Jeff McRae

by Jeff McRae

When Bret turned 50
I thought of my aunt
dead in her bed at 71,
alone in the gulley
where leaves rained
down from the hill.
She was 50 and I
was 23 in 1996, when
Charles and Diana
divorced, the first sheep
was cloned, and Peter,
Paul, and Mary were still
recording. Since 1966,
when they did Dylan’s
Blowin’ In The Wind
and Denver’s Leavin’
On A Jet Plane, she
sang along—all through
college and a whole
unmarried life. 30
years on, when they
sang about AARP
we laughed over
our dinners how
funny it was, some
15 years before
the tornado blanketed
the wrap-around deck
with trees, two months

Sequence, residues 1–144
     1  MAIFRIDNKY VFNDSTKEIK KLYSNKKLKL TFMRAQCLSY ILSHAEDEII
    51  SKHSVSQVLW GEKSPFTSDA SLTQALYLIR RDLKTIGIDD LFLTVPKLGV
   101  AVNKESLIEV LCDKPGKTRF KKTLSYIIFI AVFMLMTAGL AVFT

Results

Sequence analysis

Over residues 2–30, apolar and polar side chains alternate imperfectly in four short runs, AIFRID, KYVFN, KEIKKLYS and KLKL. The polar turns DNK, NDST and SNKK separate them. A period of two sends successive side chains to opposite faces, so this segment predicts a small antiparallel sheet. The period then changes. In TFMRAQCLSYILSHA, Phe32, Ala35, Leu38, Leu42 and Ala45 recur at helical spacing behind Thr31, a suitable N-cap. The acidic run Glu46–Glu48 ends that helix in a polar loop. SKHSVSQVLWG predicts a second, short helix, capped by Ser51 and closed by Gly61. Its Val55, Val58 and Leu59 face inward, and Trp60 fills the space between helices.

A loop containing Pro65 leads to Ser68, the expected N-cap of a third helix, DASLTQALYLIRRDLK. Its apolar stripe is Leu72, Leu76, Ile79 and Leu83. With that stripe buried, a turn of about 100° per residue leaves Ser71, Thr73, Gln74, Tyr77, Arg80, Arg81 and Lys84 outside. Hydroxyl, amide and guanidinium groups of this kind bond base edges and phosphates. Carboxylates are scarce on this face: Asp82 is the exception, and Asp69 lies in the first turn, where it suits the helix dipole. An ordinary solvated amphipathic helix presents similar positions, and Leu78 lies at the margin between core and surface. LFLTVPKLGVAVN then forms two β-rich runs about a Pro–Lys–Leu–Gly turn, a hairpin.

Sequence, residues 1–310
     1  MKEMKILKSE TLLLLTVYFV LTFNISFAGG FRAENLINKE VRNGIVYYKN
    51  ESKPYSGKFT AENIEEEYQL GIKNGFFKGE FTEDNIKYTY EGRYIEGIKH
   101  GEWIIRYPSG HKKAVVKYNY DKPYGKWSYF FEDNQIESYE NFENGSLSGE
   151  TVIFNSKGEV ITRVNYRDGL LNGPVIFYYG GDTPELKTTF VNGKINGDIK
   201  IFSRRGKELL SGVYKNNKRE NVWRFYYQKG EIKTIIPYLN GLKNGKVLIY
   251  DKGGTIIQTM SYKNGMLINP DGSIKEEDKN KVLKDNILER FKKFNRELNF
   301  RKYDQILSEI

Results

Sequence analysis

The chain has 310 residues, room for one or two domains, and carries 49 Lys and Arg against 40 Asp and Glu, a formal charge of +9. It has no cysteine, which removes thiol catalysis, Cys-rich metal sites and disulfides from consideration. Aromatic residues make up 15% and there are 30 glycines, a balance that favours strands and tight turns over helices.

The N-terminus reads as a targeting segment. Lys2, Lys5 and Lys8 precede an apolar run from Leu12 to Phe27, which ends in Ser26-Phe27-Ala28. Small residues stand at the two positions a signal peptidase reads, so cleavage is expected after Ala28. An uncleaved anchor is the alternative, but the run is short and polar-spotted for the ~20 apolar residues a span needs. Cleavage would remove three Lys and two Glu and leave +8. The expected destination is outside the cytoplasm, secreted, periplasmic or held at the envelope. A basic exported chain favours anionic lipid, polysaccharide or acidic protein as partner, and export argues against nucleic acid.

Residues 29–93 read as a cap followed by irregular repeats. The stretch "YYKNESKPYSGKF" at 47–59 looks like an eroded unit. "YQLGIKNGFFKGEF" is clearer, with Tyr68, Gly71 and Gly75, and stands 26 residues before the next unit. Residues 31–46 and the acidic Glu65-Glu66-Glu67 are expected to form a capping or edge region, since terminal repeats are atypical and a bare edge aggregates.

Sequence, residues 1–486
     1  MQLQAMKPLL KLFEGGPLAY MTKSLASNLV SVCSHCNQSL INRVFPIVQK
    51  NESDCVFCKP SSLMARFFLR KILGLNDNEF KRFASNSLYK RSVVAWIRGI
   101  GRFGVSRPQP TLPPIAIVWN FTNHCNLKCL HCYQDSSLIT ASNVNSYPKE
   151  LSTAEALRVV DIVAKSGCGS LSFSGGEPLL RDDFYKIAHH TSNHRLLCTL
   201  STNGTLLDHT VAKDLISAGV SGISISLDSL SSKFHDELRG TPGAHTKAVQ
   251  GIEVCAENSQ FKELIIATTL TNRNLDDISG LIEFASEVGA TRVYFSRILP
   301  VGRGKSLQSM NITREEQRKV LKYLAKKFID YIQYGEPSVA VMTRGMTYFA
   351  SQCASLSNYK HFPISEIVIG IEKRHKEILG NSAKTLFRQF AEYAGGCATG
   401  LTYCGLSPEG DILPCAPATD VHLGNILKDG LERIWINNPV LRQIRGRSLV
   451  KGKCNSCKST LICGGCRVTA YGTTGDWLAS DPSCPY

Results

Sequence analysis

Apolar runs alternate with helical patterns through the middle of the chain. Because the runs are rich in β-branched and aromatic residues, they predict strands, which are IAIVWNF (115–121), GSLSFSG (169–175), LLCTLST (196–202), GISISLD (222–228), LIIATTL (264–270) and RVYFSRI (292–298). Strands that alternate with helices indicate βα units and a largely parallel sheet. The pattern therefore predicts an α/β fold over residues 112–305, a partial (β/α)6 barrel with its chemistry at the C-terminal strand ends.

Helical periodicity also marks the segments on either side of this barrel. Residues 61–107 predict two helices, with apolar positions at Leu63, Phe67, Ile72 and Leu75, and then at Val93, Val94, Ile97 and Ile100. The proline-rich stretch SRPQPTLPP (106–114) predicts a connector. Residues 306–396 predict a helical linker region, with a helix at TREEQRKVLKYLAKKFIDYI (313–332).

before I moved out
like all her roommates—
25 years teaching
second graders and
she argued in whispers.
After she died—almost
two Mays ago,
my mother, 18 months
younger, read decades
of her journals and
then destroyed them.
Liz wrote over and
over about the wind,
she said. It comes
from nowhere, scatters
the leaves, and disappears.


Published in Cider Press Review, Volume 21, Issue 2.

Jeff McRae is a writer, jazz drummer, and teacher. His poems have most recently appeared in The American Journal of Poetry, The Woven Tale Press, Cloudbank, Burnside Review, and elsewhere. He lives in Vermont.

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